Function for getting url parameter with hash or search tag

In web development, it’s often necessary to extract parameters from a URL, whether they’re in hash tags or search tags. This tutorial presents a custom function designed to fetch all parameters from either type of tag and store them in a config object. This object can then be used for various further processes.

The getLinkParameters Function

The getLinkParameters function is designed to fetch parameters from a URL. Here’s the function:

function getLinkParameters(){
  var config = {};
  function addToModel(searchParams){
    for(var s in searchParams){
      var q = searchParams[s].split('=');
      config[q[0]] = !!q[1] ? unescape(q[1]) : "";

How Does getLinkParameters Work?

The getLinkParameters function works as follows:

  1. It creates an object (config) to store the URL parameter values.
  2. It checks whether the URL contains a “Hash” or “Search” tag.
  3. It passes the values from these tags to the addToModel function, after slicing and splitting them by “&”.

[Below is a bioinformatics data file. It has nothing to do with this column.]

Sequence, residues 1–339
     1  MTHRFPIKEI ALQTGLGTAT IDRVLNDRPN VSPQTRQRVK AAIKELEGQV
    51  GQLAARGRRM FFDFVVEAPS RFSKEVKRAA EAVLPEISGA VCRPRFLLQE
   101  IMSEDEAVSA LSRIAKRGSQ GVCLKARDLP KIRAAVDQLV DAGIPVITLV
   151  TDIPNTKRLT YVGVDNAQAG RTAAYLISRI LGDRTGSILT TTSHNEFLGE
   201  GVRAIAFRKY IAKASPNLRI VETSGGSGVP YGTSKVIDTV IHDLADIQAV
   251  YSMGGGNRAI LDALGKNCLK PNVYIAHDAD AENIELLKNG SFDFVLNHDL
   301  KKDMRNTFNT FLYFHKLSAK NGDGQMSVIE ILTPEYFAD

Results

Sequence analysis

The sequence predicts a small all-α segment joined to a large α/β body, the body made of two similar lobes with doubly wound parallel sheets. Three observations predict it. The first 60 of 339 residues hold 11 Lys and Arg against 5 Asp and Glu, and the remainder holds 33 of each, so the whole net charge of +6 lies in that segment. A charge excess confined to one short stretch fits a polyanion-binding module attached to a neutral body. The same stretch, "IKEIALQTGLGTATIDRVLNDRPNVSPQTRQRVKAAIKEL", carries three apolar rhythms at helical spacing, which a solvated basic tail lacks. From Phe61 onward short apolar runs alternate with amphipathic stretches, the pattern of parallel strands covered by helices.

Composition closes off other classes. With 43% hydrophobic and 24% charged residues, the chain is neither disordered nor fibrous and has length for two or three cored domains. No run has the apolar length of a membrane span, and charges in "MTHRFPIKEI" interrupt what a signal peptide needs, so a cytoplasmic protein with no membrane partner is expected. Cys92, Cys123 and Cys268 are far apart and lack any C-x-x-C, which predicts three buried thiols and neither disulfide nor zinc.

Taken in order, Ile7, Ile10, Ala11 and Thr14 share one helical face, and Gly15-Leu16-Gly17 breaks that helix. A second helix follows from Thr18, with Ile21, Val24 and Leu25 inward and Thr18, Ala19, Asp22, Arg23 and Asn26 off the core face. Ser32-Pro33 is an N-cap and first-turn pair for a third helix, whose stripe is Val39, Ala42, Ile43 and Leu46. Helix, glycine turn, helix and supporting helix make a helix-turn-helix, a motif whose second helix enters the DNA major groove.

4. The addToModel function checks each parameter, splits it by “=”, and stores the value in the config object.

By the end of this process, all parameters from the URL are stored in the config object.

The updateHashlink Function

The updateHashlink function is used to update the hash tag in the URL when specific site data changes (for example, when a tab on the site is changed). Here’s the function:

function updateHashlink(data){
  var params = [];
  params = params.join('&');
  location.hash = params;
  return params;

How Does updateHashlink Work?

The updateHashlink function works as follows:

  1. It creates a temporary params array to store parameter values.
  2. It adds data to params using the push function.
  3. It updates the hash tag in the URL using location.hash = params.

By using these two functions, you can effectively manage URL parameters and dynamically update the URL based on changes in site data. This can be particularly useful in single-page applications where the state of the application is often reflected in the URL.


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